There’s a story behind the famous Faqir Chand & Sons bookshop too. Advocate Amitabh Marwah, son of former Police Commissioner Delhi recalls “The bookshop, named after my grandfather, used to actually be a popular bookshop in Peshawar Cantonment [in Pakistan]. When the family got displaced during Partition, my father, Ved Marwah, and his elder brother Ram Lubhaya ji rented a shop in Connaught Place. But when the government gave shops on lease in Khan Market, the brothers shifted their operations here. My father would open the shop, rush to college where he was studying economics, and then rush back in the evening to sit again at the shop. He had to use the public toilet every day and get ready in the shop ! After some time, the government sold the upper floors as residence and the family shifted here. My father finished his masters and then sat for the Indian Police Service exam and joined the Delhi Police. Since then, members of my uncle Ram Lubhaya ji’s family have run this shop.”

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‘Let Khan Market remain as it is’

From a time when there were 74 original shops and one flat above every two shops to now when there are hundreds of stores lined up in the bifurcated space, Khan Market has a love-hate relationship with the establishment. The market and its patrons have often been called ‘snooty’ and ‘opinionated’, and there have been floating rumours of changing its name to ‘Valmiki Market’.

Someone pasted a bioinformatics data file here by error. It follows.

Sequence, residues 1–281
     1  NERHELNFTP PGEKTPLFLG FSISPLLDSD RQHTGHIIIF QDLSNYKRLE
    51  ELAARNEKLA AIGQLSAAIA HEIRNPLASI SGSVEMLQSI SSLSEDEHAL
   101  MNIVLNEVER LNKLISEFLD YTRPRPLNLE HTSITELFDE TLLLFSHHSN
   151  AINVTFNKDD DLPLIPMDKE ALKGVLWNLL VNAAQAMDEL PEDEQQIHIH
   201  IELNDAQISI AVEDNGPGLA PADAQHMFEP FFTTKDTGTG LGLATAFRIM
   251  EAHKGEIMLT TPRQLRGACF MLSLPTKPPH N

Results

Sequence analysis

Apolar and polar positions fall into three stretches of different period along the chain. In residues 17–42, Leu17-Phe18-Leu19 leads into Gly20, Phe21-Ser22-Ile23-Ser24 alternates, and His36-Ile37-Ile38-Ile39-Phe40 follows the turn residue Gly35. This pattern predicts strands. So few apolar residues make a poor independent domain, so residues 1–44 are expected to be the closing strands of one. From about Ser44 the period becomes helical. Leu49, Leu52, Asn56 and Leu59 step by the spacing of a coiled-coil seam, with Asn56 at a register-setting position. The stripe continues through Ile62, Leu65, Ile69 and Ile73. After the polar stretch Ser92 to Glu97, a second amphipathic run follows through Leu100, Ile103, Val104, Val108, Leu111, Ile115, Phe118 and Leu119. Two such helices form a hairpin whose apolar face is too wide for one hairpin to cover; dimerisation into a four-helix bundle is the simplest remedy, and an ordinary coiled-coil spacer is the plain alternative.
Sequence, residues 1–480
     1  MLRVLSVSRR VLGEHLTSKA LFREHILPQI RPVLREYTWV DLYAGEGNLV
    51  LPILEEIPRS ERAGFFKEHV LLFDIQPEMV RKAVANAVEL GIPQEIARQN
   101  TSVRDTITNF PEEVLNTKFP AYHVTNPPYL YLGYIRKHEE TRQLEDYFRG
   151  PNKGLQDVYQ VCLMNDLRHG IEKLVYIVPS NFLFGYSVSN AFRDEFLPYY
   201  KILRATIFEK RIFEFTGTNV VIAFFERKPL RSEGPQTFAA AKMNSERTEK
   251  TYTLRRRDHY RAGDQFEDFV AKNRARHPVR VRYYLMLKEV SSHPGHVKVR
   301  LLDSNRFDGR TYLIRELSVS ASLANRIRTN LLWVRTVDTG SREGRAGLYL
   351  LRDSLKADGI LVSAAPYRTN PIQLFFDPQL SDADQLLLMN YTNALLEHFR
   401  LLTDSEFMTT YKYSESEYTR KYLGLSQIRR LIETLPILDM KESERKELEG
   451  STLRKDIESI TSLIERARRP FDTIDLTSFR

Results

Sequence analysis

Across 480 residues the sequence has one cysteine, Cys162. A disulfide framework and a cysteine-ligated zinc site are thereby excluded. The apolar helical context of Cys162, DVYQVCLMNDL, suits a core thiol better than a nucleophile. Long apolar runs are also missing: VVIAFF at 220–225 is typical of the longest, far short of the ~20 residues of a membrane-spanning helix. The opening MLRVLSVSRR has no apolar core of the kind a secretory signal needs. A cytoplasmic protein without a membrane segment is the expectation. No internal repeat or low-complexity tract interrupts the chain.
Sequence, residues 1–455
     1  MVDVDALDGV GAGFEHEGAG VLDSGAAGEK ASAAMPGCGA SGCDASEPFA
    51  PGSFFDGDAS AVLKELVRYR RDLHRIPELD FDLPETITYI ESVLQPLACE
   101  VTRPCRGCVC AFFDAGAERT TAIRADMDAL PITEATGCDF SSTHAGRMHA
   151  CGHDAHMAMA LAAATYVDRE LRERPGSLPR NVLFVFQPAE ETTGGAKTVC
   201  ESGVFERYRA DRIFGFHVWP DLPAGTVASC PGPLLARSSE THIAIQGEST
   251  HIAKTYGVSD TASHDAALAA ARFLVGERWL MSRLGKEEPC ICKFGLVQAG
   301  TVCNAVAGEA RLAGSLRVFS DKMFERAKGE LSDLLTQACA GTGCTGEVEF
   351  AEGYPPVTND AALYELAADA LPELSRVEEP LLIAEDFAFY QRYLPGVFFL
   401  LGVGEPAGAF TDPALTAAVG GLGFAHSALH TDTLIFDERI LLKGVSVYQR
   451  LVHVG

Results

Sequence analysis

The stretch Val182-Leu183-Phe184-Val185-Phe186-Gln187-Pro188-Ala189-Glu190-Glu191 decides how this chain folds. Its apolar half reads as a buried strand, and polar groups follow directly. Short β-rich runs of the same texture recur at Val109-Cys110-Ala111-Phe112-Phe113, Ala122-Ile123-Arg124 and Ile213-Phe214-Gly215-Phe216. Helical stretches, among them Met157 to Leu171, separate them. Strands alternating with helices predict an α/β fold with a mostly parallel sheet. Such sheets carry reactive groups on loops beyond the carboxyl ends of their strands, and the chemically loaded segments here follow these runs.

“The market was named after celebrated freedom fighter Khan Abdul Jabbar Khan. There is a deep connection between this market and the nation’s struggle for freedom. The market was shaped by simple hardworking refugee families who were forced to leave everything behind and start afresh. This market is a sign of that spirit. I think we all should respect these sentiments, and let the place remain as it is,” adds Sanjiv.

Indeed if one were to scrap the glossy surface of Khan Market, one would see a multitude of very simple people — like the Goyals of Anand General Store who stand behind their counters and serve the customers with graciousness — taking care of all their little requirements in the everyday business of running homes.

This article is a part of a series called BusinessHistories exploring iconic businesses in India that have endured tough times and changing markets. Read all articles here.

(Edited by Humra Laeeq)